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THE

EDINBURGH REVIEW,

JANUARY, 1876.

No. CCXCI.

ART. I.-1. Memoir of Sir James Dalrymple, First Viscount Stair. A Study in the History of Scotland and Scotch Law during the Seventeenth Century. By J. G. MACKAY, Advocate. Edinburgh: 1873.

2. The Stair Annals. By JOHN MURRAY GRAHAM. Edinburgh: 1875.

3. William Carstares. A Character and Career of the Revolutionary Epoch. By ROBERT HERBERT STORY, Minister of Rosneath. London: 1874.

SCOTLAND has not been fertile in great statesmen. During

what may be called the kingly period of her historyfrom the accession of Robert II. to the death of James V.-the one thing essential to the well-being of the people, and to the defence of the country against English invasion, was to curb an overgrown, turbulent, and treacherous nobility; a task to which no man was found equal. At the great uprising of the Reformation a wider field was opened; nobler ends came into view. Knox, though not in the strict sense of the word a statesman, yet did the work of the greatest: he awoke a national life; he called into political existence the middleclasses of his countrymen. From various causes Scotland, in his time, took a place in the politics of Europe out of all proportion to her real power. But her statesmen, with the single exception of Murray, were unworthy of their opportunities. Maitland of Lethington has a great but undeserved reputation. He was a man, as Mr. Burton has shown, rather crafty than wise; he seems to have studied the subtleties of Italian politicians beyond the powers of his own brain; he fought with armour which he had not proved, and the result of all his tortuous devices was hopeless failure.

VOL. CXLIII. NO. CCXCI.

B

On the accession of James to the English throne Scotland sank into insignificance and degradation. From this she was, for a brief season, raised, not by any efforts of Scotch statesmanship, but by the wholesome stimulus of the tyranny of the Stuarts, wanton with prosperity; and strong, as they thought, with the strength of England. The Covenant, the abjuration of prelacy by the Assembly of 1638, the invasions of England, were bold and vigorous measures. It is not too much to say that to the conduct of Scotland at this juncture England probably owed her freedom. But the end was unworthy of such beginnings. The fervour of popular feeling which had supported Knox blazed up again for a time, but could not long endure. The national life of the Reformation period had died away. The people had been crushed by civil war, by poverty, by the utter misrule which followed upon the Union of the Crowns. The gentry of that nation,' writes one of Cromwell's officers, have such influence over the commonalty that they can lead them which way they please.' Unhappily no one was found who could lead them wisely. The needy nobles and mercenary soldiers who led the Scottish army into England were animated by no higher motive than a love of English quarters and English money; the spirit of resistance to ecclesiastical tyranny, which at first stimulated the people, soon degenerated under evil guidance into a fierce intolerance, a determination to impose Presbyterianism upon all men, which found its fitting conclusion in the acceptance of Charles II. as a Covenanted King. During the Usurpation Scotland was preserved from native rule; under the restored authority of her native princes,' the wisdom of Ahithophel could have availed nothing to any upright Scottish politician, except in so far as it might have counselled the necessity of a speedy retreat to Holland.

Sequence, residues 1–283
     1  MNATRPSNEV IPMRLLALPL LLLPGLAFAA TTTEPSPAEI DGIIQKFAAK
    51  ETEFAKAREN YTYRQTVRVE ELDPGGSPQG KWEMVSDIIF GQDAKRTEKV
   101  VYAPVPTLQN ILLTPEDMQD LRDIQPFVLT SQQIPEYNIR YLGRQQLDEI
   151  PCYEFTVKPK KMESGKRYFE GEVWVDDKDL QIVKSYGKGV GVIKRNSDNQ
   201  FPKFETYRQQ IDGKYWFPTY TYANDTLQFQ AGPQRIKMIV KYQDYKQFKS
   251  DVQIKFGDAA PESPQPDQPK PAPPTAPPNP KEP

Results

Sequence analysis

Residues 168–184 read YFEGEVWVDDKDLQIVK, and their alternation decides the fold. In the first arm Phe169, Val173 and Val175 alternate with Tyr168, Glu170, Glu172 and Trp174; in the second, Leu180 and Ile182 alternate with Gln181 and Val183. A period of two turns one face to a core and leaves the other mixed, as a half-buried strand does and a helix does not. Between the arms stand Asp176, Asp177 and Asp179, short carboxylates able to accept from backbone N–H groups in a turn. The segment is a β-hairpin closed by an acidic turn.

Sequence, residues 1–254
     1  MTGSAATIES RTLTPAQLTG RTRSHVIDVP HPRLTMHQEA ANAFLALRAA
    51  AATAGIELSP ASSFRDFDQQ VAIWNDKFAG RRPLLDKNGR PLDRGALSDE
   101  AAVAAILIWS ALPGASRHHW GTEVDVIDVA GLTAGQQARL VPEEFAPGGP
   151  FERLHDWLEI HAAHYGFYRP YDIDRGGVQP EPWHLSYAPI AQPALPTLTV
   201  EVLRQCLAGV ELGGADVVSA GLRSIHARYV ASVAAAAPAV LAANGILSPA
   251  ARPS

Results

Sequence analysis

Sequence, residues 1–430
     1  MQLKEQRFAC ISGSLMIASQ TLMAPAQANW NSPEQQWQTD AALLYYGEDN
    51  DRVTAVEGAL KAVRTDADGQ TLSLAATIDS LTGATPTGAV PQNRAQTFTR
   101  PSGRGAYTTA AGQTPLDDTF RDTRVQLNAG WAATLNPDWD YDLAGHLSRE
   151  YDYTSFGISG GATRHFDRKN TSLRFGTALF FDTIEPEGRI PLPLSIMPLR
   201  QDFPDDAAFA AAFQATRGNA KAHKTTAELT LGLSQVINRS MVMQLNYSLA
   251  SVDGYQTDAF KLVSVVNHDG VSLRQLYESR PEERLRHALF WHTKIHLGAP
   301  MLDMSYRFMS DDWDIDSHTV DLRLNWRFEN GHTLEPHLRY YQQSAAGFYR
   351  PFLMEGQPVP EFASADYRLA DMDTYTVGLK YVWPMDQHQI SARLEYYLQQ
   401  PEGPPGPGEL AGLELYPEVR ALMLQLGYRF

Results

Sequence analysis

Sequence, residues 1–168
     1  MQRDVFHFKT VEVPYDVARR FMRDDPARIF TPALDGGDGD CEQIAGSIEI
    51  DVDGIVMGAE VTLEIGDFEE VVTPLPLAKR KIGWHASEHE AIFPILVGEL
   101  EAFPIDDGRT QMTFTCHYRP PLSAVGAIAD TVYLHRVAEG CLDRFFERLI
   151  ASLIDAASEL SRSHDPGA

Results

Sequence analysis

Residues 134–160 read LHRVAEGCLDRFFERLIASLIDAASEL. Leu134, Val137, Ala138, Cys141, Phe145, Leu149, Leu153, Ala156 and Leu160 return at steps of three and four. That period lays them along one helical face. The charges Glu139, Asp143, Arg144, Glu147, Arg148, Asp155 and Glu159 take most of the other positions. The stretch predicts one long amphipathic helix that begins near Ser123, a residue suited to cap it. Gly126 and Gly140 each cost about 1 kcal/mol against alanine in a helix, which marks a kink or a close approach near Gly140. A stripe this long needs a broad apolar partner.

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At the Revolution dawned a day bright with a fairer promise for Scotland than for any portion of the British dominions. The oppression from which she was then set free had been greater than the oppression of England; she could look to the future with a better hope than the most sanguine could entertain for Ireland. Unlike the case of England, so utter had been the disregard of law, so entire the overthrow of every cherished institution, that the whole constitutional fabric had to be re-constructed. Unlike the case of Ireland, enmities of race and creed were not so deeply rooted as to render such re-construction hopelessly beyond the reach of wisdom and honest purpose. Again the leaders, by position, of the Scottish people failed in the time of need. If, as Mr.

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